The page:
form, and the first time in English, the writings of Jules Verne. We were so
eager for our weekly installment that we went to meet the train carrying the
precious document. Local delivery was too slow for us.
The 6’6” town crier with his bell gave every one in town the news – and what
a voice he had. Stentor was a child compared to him. He always ended with
“God Save The Queen” – I can hear his voice, now.
Then, of course, there was our own Sir Walter Scott and his great novels and
captivating Border Tales and few indeed have read the Scottish Chiefs
without a thrill. George McDonald, a distant cousin of ours and born in our
neighborhood, gave us fine things also to read – “The Princess and the
Goblin,” “At the Back of
the North Wind,” and his many novels of Scots life and character. In the
subjective elements of his life he was much of a mystic, and naturally so
through his heritage, purely Celtic.
There was much singing in our house of simple songs, and ages old ballads.
Hardly a farm hand remained inarticulate – with the lark singing in the
sweet blue sky. The whole background fed the youth with unforgettable
memories when he went to foreign lands and helped to fill the vacant places
in his heart when in more prosaic places and circumstances.
The feeling for the homeland is much more serious than sentimental longing.
It is a deep well from which clear water is constantly brimming and
refreshing us. It is that fact which makes the average well-trained Scot a
good citizen wherever he may be, giving him a broad and understanding
outlook on the ways of life and beliefs of other people, as well as a tender
smile for their frailties, being deeply conscious, as a rule of his own.
Education in the Scottish schools in my time was of a fine and courageous
type. It could on occasion be savage and severe. School had a well defined
function and purpose, discipline and obedience were watch words, and woe
betide the lad who might cast an oblique eye on a comrade’s notes. There was
a breadth and humaneness back of it all. A whole parish would subscribe to
send a likely lad to the university. We were doing out best and worst with
Euclid and Latin, and some with Greek, by the time we were twelve years of
age and sometimes earlier than that. I know of no country with a yearning
for knowledge that Scotland has. The Scots, by and large, appear on the
records of time from peasant upward as probably the most literate people of
our age. Education is a passion, and it is no exaggeration to sat that the
average Scots youth of fourteen is easily comparable in general knowledge
and understanding with the average American of eighteen. The carry-on spirit
seems to be bred in the bones of the Scot and the pioneer spirit prevails
wherever they go and they carry the spirit of the homeland with them in
their old songs and rare inspiring tales.
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Some of our school mates when to North America, South America, India,
Australia, Africa, China, and the Malay Peninsula. They carried the spirit
of democratic freedom with them. A romantic race that always liked to plant
seeds in far countries and watch them grow. Seeds of various kinds but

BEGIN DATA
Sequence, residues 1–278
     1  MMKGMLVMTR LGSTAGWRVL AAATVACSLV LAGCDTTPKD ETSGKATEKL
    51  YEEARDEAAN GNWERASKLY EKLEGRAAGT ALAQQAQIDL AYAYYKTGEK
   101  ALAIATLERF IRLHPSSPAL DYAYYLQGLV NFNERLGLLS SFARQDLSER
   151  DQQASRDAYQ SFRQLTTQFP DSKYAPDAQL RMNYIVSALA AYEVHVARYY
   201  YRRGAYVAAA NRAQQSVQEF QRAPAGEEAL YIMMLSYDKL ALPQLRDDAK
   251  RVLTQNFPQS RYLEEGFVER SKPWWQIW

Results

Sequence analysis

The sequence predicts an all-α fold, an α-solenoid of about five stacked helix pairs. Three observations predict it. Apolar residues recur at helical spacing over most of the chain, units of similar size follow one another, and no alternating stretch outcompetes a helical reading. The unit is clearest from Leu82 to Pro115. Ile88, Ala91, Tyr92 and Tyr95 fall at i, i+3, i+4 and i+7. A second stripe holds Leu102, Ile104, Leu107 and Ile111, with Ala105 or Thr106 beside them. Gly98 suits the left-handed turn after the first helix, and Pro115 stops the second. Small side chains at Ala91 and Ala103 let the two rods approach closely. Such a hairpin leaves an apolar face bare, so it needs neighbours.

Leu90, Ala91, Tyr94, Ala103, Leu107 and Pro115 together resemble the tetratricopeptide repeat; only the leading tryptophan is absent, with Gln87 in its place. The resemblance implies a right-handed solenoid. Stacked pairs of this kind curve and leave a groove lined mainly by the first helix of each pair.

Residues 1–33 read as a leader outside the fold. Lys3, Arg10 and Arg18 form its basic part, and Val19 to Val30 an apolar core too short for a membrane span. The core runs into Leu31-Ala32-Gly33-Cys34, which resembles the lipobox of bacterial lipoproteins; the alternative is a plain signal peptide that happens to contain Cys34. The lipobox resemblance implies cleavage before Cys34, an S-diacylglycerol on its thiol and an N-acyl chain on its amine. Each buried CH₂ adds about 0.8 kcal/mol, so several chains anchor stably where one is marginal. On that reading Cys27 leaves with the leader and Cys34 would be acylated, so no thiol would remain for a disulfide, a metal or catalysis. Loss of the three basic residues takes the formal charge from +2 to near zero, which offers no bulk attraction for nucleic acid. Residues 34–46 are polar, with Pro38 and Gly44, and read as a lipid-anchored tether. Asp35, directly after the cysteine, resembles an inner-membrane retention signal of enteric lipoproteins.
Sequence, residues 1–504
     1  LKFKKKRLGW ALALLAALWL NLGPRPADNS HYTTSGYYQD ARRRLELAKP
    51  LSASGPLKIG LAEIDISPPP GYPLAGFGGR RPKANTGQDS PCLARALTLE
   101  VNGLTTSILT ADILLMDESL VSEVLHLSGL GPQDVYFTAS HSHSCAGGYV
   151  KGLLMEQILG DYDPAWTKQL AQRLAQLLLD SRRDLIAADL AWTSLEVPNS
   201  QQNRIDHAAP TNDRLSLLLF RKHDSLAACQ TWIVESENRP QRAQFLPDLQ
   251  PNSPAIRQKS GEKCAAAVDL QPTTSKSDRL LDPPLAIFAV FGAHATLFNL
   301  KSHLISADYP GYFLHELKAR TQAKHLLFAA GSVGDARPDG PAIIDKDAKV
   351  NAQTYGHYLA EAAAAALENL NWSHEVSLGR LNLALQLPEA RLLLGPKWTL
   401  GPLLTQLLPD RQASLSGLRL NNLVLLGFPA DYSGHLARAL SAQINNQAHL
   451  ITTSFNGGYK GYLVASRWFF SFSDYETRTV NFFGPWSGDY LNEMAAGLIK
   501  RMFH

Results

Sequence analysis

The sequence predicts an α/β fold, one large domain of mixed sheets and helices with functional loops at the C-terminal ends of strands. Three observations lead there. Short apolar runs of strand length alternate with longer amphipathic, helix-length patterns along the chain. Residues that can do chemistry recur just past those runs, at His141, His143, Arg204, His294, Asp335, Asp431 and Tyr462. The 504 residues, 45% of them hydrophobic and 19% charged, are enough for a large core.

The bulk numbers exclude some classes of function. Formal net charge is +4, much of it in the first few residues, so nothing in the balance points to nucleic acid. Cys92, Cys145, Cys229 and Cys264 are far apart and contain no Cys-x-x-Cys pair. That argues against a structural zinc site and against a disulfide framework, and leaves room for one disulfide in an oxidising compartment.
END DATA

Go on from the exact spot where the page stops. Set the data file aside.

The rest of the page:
mostly relating to the free spirit of man and his exercises in the art of
living and doing. That is the general background of most literate Scots.
In school we spoke Victorian English; out of school Aberdeenshire Scots,
locally called Aberdeen Doric, which we naturally liked the better.
The Scots are a reticent lot,
even taciturn at times, but with a little patient digging and forbearance
one may find a substratum of the mystic, especially among the northern or
highland Scots. In that purely Celtic element as it exists in lesser degree
in many nations may be envisaged the hope of the world. We believe that
science Is fast climbing the last barrier of materialism, as witness the
writing of Jeans and Eddington; and the world of matter as we now appear to
see it is crumbling, dissolving, disappearing. What is left? The Celt will
answer – a spiritual entity, no more, no less.
At our parents’ desire and with very little understanding of what I was
venturing into I went into architecture in my early days in Chicago. It
seemed a most interesting occupation, but it was years before I felt its
fascination and possibilities. The full extent I, of course, do not now
pretend to know except for all the dominating faith and belief that the best
in architecture, as in all things, is yet to be.
At any rate, at the start, in a strange and somewhat perplexing land
architecture seemed something that might be pursued and it appeared to fit
my Scots mind in whatever subjective value it may have had. Near the
beginning of my affairs, and after a session at a so-called business
college, I had about a year’s experience in Joseph Silsbee's office – and
architect and gentleman of fine distinction.
In this office at that time were Frank Lloyd Wright, George W. Maher and
Cecil Corwin, the head man under Mr. Silsbee. When Mr. Wright, clearly
at that time many of the essential elements of his future supremacy, left,
he shortly afterwards asked me to join him as a friend and hopefully
understudy in Adler and Sullivan’s office where he went after leaving
Silsbee. In that office I had the usual experience of the greenest of tyros
in witnessing good men at work, as well as the gay and ribald time servers
who poked quite a little fun at F. L. W and his youthful and graceful set-up